On the surface the pairing of arch New York rock icon Elliott Murphy
and English folk legend Iain Matthews seems slightly incongruous, but closer examination reveals the subtle connections. Murphy is an American expatriate living in Paris, while Matthews has relocated to Austin, Texas. Both were championed by critics and ignored by the masses (although Matthews has had many more brushes with success), and both have been more than willing to experiment broadly, serving their art rather than commerce. Chalk up La Terre Commune
(French for The Common Ground
) in that column. On this collaboration Matthews and Murphy have brought four songs apiece to the table and mutually agreed on five interesting cover choices, ranging from the Brecht-Weill classic "The Ballad of the Soldier's Wife" (which the pair mutates with a jazzier feel), to Bob Dylan's "Blind Willie McTell," to Bruce Springsteen's "Sad Eyes." The originals are similarly themed stories of love and loss; while they offer no glaring shift in continuity, they do point to the unique aspects of the principals.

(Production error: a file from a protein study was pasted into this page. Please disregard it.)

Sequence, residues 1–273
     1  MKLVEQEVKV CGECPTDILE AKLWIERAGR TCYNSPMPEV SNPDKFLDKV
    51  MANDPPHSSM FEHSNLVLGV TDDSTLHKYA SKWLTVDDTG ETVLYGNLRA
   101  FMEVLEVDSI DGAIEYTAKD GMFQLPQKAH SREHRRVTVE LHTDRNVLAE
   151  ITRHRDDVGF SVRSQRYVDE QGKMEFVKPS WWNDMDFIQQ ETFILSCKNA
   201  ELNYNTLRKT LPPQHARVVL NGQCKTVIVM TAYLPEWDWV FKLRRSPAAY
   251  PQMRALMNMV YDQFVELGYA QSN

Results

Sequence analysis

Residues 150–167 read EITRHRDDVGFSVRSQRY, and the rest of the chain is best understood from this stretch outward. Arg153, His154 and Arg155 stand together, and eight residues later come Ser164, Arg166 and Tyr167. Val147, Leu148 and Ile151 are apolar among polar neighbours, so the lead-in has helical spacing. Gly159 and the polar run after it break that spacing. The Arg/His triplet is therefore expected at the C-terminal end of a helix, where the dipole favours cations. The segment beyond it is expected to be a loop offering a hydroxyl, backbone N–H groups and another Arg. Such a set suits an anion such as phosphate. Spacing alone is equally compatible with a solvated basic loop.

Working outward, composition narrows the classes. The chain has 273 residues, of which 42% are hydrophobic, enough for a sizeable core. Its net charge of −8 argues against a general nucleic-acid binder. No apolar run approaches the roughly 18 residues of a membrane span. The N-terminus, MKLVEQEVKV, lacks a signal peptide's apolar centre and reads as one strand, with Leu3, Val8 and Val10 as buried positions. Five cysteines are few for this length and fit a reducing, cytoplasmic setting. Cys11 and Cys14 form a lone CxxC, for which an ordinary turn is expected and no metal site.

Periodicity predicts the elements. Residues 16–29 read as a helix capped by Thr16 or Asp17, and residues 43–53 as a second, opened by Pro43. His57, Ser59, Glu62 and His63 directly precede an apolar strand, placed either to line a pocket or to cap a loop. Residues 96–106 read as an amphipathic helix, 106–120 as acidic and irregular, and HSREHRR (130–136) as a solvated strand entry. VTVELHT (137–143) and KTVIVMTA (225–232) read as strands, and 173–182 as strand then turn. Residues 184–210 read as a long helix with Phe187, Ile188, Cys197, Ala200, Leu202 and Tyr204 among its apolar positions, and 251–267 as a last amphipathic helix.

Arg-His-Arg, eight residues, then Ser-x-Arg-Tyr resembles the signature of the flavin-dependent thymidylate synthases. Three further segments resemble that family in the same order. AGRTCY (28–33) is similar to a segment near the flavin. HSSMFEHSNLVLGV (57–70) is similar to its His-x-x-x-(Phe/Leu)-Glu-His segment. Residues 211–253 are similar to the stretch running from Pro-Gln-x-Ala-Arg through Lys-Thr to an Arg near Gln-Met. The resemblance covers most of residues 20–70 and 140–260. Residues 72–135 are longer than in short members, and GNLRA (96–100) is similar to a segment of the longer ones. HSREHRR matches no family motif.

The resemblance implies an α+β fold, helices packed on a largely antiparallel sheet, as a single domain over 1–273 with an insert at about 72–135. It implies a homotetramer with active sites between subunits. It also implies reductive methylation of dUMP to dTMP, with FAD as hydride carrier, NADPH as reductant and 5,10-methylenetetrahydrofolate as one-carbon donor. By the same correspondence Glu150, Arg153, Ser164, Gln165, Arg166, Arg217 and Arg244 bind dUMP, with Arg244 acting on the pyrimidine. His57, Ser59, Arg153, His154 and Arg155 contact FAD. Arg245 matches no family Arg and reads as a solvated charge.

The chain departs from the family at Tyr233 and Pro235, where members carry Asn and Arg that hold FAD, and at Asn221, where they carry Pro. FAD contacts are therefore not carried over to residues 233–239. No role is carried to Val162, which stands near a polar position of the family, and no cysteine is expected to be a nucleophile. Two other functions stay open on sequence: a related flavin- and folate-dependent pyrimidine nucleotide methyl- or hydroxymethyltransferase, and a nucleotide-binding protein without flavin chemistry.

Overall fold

Matthews has been working the folk corner for more than 30 years now, while Murphy has aged into his acoustic presentation. Although Matthews and Murphy are writing material that resonates in many of the same ways, blending the pair in this context brings into sharp relief the one quality that separates them: their vastly disparate vocal styles. Matthews' clear, sharply defined tenor is contrasted by Murphy's Lou Reed/David Bowie/Bob Dylan talking-blues style, and creating a harmony vocal between the two sets up an interesting tension within the electric folk atmosphere. La Terre Commune has some wondrous moments -- Matthews' "Fading Fast" and Murphy's "Dusty Roses" -- and the reputations of both artists are enough to smooth over the rough spots. The album's very existence points to the fact that, in at least some corners of the industry, a few individuals are not afraid to stretch the parameters.